Radiological Society of North America 2014 Scientific Assembly and Annual Meeting; 12/2014
  • Radiological Society of North America 2014 Scientific Assembly and Annual Meeting, Chicago; 12/2014
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    ABSTRACT: To compare 3.0 Tesla breast magnetic resonance imaging (MRI) with galactography for detection of benign and malignant causes of nipple discharge in patients with negative mammography and ultrasound. We prospectively evaluated 56 breasts of 50 consecutive patients with nipple discharge who had inconspicuous mammography and ultrasound, using 3.0 Tesla breast MRI with a dedicated 16-channel breast coil, and then compared the results with galactography. Histopathological diagnoses and follow-ups were used as reference standard. Lesion size estimated on MRI was compared with the size at histopathology. Sensitivity and specificity of MRI vs. galactography for detecting pathologic findings were 95.7 % vs. 85.7 % and 69.7 % vs. 33.3 %, respectively. For the supposed concrete pathology based on MRI findings, the specificity was 67.6 % and the sensitivity 77.3 % (PPV 60.7 %, NPV 82.1 %). Eight malignant lesions were detected (14.8 %). The estimated size at breast MRI showed excellent correlation with the size at histopathology (Pearson's correlation coefficient 0.95, p < 0.0001). MRI of the breast at 3.0 Tesla is an accurate imaging test and can replace galactography in the workup of nipple discharge in patients with inconspicuous mammography and ultrasound. • Breast MRI is an excellent diagnostic tool for patients with nipple discharge. • MRI of the breast reveals malignant lesions despite inconspicuous mammography and ultrasound. • MRI of the breast has greater sensitivity and specificity than galactography. • Excellent correlation of lesion size measured at MRI and histopathology was found.
    European Radiology 11/2014; DOI:10.1007/s00330-014-3521-2 · 4.34 Impact Factor
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    ABSTRACT: Purpose To assess whether ECG-gated non-contrast 2D steady-state free precession (SSFP) imaging allows for exact monitoring of aortic diameters in Marfan syndrome (MFS) patients using non-ECG-gated contrast-enhanced 3D magnetic resonance angiography (CE-MRA) and echocardiography for intraindividual comparison. Methods Non-ECG-gated CE-MRA and ECG-gated non-contrast SSFP at 1.5 T were prospectively performed in 50 patients. Two readers measured aortic diameters on para-sagittal images identically aligned with the aortic arch at the sinuses of Valsalva, sinotubular junction, ascending/descending aorta and aortic arch. Image quality was assessed on a three-point scale. Aortic root diameters acquired by echocardiography were used as reference. Results Intra- and interobserver variances were smaller for SSFP at the sinuses of Valsalva (p = 0.002; p = 0.002) and sinotubular junction (p = 0.014; p = 0.043). Image quality was better in SSFP than in CE-MRA at the sinuses of Valsalva (p p p = 0.02). CE-MRA yielded higher diameters than SSFP at the sinuses of Valsalva (mean bias, 2.5 mm; p Conclusion ECG-gated non-contrast 2D SSFP imaging provides superior image quality with higher validity compared to non-ECG-gated contrast-enhanced 3D imaging. Since CE-MRA requires contrast agents with potential adverse effects, non-contrast SSFP imaging is an appropriate alternative for exact and riskless aortic monitoring of MFS patients. Key Points • ECG-gated 2D SSFP imaging provides better image quality than non-ECG-gated contrast-enhanced 3D MRA • ECG-gated 2D SSFP imaging provides higher reproducibility than non-ECG-gated contrast-enhanced 3D MRA • 2D SSFP imaging provides higher validity than 3D MRA using echocardiography as reference • ECG-gated non-contrast 2D SFFP imaging allows for riskless monitoring of Marfan patients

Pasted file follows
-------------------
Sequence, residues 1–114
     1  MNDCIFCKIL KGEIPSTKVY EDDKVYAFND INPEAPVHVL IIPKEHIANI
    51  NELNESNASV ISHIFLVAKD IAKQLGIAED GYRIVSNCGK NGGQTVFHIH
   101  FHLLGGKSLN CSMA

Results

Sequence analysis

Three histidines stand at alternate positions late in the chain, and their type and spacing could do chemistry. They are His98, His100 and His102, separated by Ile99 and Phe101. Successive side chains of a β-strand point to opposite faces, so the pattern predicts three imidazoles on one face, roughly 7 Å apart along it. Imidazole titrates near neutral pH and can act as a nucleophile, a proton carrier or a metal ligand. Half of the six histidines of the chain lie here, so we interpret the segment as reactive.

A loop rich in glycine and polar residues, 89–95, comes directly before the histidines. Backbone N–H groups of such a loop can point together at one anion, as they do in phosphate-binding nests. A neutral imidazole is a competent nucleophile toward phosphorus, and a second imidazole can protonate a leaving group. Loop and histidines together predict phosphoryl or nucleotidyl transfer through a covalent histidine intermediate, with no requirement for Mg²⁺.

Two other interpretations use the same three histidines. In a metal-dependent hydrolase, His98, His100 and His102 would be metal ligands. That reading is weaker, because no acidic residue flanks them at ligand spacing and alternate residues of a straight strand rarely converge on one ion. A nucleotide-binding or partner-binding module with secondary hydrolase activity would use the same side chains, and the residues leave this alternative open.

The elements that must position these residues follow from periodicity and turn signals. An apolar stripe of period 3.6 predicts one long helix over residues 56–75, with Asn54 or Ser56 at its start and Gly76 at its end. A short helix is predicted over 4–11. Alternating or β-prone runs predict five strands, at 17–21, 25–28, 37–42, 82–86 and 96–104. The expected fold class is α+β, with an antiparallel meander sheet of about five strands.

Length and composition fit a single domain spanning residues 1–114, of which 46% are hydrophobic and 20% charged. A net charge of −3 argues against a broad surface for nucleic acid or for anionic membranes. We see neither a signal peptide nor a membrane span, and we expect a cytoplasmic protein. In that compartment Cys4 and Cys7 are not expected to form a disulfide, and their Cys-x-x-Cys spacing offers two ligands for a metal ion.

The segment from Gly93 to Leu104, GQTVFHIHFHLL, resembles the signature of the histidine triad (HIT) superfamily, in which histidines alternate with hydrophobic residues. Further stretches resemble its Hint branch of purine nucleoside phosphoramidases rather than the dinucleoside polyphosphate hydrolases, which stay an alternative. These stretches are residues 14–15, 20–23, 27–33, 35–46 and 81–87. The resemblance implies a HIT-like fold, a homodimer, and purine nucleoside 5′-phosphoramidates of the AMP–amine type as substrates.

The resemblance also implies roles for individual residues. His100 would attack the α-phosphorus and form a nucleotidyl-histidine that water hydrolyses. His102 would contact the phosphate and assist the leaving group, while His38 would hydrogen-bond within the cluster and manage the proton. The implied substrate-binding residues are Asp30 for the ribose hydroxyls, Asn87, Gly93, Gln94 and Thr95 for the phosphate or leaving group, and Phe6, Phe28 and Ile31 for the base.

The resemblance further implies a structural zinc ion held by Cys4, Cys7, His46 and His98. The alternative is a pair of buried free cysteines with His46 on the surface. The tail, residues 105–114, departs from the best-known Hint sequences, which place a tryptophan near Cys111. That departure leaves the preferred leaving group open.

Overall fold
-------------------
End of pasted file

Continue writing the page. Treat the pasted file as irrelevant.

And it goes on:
European Radiology 10/2014; 25(3). DOI:10.1007/s00330-014-3457-6 · 4.34 Impact Factor
  • DGMP 2014, Zurich; 09/2014
  • Der Radiologe 09/2014; 54(10). DOI:10.1007/s00117-014-2745-0 · 0.41 Impact Factor